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No new trial for 'Prom Night Murders,' judge rules

Though he was convicted of killing his father, stepmother and two stepsisters on the night of the LaVille High School prom in 1989, Jeff Pelley has maintained his innocence.

He appealed his case to the Indiana Supreme Court and more recently he filed a petition for post-conviction relief, claiming he found new evidence that should be heard in a new trial.

But in a decision this week, St. Joseph County Judge Stephanie Steele ruled Pelley didn’t meet his burden of proving his new claims warrant a new trial.

Steele’s ruling comes two years after a week-long evidentiary hearing and closes the book on Pelley’s last realistic chance at getting acquitted.

In her ruling Steele writes Pelley “bears the burden of showing how the trial result was unreliable and how the outcome would have been different. He has failed to do that here.”

Attorneys who represented Pelley in the recent appeal did not respond to messages from WVPE.

'Prom Night Murders'

Four members of the Pelley family were found dead in an upstairs hallway of their house in Lakeville on April 30, 1989. All four were shot with a shotgun police believe was kept in the house, though the weapon was never found.

Suspicion quickly turned to Jeff Pelley, who was 17 at the time, since it was well-known that he had been butting heads with his father about being allowed to go to his high school’s prom.

On the day of the dance, a couple of Pelley’s friends came to his house to take photos. They noted he was wearing a pink shirt and blue jeans.

The friends left a little before 5 p.m. trial records say, and Pelley was next seen at a local gas station around 5:20, where he got help fixing his car. Jeff Pelley then drove to his girlfriend's house to change into his tuxedo and go to the dance.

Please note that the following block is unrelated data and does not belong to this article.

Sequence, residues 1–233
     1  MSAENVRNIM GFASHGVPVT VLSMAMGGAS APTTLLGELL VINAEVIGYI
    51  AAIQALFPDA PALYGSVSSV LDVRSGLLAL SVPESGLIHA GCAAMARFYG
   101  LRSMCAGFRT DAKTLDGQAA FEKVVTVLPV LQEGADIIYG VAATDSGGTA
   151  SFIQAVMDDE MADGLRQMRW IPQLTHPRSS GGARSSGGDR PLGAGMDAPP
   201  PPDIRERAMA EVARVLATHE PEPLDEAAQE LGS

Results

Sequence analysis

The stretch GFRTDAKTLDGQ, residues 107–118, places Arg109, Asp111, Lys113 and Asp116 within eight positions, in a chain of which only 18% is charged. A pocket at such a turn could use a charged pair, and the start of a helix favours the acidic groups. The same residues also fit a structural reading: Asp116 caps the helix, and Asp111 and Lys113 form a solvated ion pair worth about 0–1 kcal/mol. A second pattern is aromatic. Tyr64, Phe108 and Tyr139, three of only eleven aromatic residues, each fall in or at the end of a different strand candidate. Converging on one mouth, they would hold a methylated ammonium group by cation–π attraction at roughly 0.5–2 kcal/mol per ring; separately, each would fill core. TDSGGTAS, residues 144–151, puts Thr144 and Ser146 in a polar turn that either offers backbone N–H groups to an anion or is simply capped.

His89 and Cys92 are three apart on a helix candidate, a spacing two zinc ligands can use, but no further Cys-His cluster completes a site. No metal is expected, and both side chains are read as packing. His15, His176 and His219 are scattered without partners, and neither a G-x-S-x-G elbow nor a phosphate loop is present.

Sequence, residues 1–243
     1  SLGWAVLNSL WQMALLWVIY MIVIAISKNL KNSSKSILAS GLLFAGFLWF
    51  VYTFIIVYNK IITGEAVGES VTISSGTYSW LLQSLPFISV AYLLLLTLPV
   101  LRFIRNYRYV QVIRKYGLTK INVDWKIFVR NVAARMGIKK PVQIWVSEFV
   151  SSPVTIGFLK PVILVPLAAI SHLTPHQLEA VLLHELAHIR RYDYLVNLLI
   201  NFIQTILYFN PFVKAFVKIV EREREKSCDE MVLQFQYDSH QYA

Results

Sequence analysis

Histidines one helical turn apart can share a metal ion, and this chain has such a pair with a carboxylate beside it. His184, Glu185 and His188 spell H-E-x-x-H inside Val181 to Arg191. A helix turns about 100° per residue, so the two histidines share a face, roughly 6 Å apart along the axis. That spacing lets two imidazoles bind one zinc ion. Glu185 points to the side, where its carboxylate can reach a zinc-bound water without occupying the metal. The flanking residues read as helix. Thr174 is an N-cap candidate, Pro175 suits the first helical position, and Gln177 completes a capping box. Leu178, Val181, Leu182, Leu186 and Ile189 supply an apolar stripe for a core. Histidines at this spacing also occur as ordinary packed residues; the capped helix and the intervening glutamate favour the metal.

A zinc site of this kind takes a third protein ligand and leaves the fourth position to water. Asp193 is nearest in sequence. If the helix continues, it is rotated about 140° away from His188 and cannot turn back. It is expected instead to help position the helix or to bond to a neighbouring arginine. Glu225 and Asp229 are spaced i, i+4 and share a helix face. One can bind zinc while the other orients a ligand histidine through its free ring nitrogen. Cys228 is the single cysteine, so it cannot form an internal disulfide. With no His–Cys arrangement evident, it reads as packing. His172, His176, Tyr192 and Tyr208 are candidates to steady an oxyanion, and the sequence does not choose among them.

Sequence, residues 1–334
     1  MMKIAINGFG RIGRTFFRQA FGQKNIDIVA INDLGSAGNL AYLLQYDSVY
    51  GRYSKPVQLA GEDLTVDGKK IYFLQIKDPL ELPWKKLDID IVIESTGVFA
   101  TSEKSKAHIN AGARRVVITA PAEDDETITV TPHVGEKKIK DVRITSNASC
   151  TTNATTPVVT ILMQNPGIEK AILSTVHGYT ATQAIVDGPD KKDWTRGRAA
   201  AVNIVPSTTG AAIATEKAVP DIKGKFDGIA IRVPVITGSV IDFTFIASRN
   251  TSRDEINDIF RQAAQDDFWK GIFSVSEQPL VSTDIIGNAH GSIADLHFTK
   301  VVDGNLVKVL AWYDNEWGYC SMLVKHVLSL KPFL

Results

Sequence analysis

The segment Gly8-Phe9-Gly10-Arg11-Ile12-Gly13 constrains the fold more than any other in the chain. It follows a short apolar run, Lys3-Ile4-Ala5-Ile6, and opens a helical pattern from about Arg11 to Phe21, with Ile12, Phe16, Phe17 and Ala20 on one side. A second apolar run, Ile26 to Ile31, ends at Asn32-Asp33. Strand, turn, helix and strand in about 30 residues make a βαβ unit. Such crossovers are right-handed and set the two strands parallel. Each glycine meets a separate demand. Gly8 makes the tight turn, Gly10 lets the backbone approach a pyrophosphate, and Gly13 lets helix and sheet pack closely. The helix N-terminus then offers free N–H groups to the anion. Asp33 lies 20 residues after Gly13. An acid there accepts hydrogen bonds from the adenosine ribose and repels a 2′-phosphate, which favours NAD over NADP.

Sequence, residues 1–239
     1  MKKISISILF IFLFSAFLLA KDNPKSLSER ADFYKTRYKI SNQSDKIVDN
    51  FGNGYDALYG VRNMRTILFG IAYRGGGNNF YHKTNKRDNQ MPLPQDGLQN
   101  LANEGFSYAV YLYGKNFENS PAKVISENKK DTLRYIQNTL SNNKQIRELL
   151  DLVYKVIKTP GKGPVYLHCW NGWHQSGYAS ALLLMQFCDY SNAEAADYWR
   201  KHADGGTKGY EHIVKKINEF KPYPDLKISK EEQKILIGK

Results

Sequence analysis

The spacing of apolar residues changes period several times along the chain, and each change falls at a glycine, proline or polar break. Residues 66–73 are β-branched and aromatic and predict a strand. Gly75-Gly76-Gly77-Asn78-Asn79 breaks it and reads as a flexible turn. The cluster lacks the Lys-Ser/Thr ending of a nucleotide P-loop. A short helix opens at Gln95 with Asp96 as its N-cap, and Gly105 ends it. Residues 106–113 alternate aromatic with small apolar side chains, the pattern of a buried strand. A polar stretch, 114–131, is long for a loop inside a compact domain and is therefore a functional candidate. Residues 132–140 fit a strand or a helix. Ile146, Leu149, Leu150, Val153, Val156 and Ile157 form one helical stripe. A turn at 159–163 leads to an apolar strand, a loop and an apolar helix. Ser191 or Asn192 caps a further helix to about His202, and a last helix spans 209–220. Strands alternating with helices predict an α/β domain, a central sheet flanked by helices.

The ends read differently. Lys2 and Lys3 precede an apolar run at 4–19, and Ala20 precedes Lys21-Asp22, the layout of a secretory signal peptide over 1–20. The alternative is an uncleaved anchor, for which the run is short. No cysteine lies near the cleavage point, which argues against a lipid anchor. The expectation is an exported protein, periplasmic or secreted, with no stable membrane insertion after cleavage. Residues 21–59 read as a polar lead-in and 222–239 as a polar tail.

There has been no physical evidence connecting Pelley to the murders. But prosecutors maintain that friction around the dance was the motive and Pelley had access to the murder weapon. The state’s theory of the case is that the 17-year-old shot four family members, hid the gun and cleaned himself up in the span of about 20 minutes, all before going to a school dance where no one said he acted strangely.

The murders took place in 1989, but Pelley wasn’t charged until 2002 by newly elected St. Joseph County Prosecutor Christopher Toth. Pelley was convicted in 2006 and sentenced to 160 years in prison.

Post-conviction relief

In his more recent filings, Pelley argued that prosecutors lied to the jury at his trial by telling them a pair of blue jeans was found in the washing machine and had been washed. He further argued the fact his trial attorneys didn’t contend that point also made them ineffective and entitles him to a new trial.

However the state never offered witness testimony about the jeans being washed and Steele noted the jury had custody of the jeans during its deliberations and had ample time to examine them and come to their own conclusions about if they were washed or not.

“The absence of the jeans from the washing machine would not have case any more doubt on the State’s timeline,” Steel writes. “If anything, it would have given Pelley a few more seconds to clean up the crime scene.”

Pelley also claimed his attorneys were ineffective by not looking into possible connections his father had with organized crime syndicates in Florida, where the Pelley family lived prior to coming to Lakeville.

One part of that claim is the testimony of a woman named Toni Beehler, who came forward to police in 2003 when she saw Jeff Pelley charged with killing his family. Beehler apparently told police she was a saleswoman selling a photographic church directory to Jeff's father Robert, who was a pastor at a local church. Robert Pelley didn't want to buy a directory, Beehler told police, because he "had another life prior to becoming a minister.”

Pelley claims prosecutors never gave Beehler's testimony to his trial attornies, but Steele found they did, even if the record keeping system of the prosecutor's office was shoddy.

The Florida connections could have pointed to alternative suspects, Pelley says, but Steele found the lack of credible evidence about happenings in Florida wasn’t enough to say his lawyers were ineffective constitutionally speaking.

Marek Mazurek has been with WVPE since April 2023, though he's been in Michiana for most of his life. He has a particular interest in public safety reporting. When he's not on the radio, Marek enjoys getting way too into Notre Dame football and reading about medieval English history.